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Don't Help Your Kids With Their Homework

crackspackle Re:Exactly (278 comments)

One of the ways I always did homework and still use today is by pretending I am teaching someone else. This method works great for logical subjects like math or science where there are proofs, facts and well defined theories, less so for more disorganized and subjective material where rote memorization is required but it can work there too if I can get into the "story". It never fails to bring up, those "wait a minute" and "what now" and "why do it like that" questions I hated having on test day. At least in school, when I got to the point I could "teach" myself, I always made an A+.

about a month ago

Federal Agency Data-Mining Hundreds of Millions of Credit Card Accounts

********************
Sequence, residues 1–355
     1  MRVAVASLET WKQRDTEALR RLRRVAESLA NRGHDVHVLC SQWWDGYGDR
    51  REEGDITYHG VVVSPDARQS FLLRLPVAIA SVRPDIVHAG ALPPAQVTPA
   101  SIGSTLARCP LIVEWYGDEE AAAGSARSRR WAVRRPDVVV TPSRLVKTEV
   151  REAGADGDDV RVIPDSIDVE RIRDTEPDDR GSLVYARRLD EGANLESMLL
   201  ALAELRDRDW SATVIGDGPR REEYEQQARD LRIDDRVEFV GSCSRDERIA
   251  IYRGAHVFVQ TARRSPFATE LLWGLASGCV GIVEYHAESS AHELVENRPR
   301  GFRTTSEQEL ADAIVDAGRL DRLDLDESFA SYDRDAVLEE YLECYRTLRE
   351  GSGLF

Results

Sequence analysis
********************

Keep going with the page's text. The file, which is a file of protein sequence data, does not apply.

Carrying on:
crackspackle Re:I'm somewhat disturbed... (264 comments)

Better or Worse, getting more credit and using it responsibly is the key to getting even more credit, particularly the more difficult products like lines of credits, construction loans, restoration loans, business loans and so forth. It's also the key to getting higher balances on new and existing cards. After totally destroying my credit during college, the first card I got again had a $500 limit. 5 year later, I had three cards and about $20K and needed it all to pay for a European business trip that ultimately would be reimbursed by my employer.

A few more years, I had six cards and close to $100K. I also had a $220K mortgage on and $400K house. A builder was preparing to replace a beautiful field beside my house with 60 town homes. I knew I would hate it but that I could also rent my house out for much more than the payments, so I did and bought another $350K historic house with a $260K mortgage while keeping the other. Being almost 100 years old, it needed nearly $120K in work. I paid part in cash and got a line of credit for $60K to finish the job. Done and 8 months later, I refinance the $60K back into the first but the house was now worth $550K, so I made nearly 80K on the deal. I then closed the line of credit. I still have the six cards.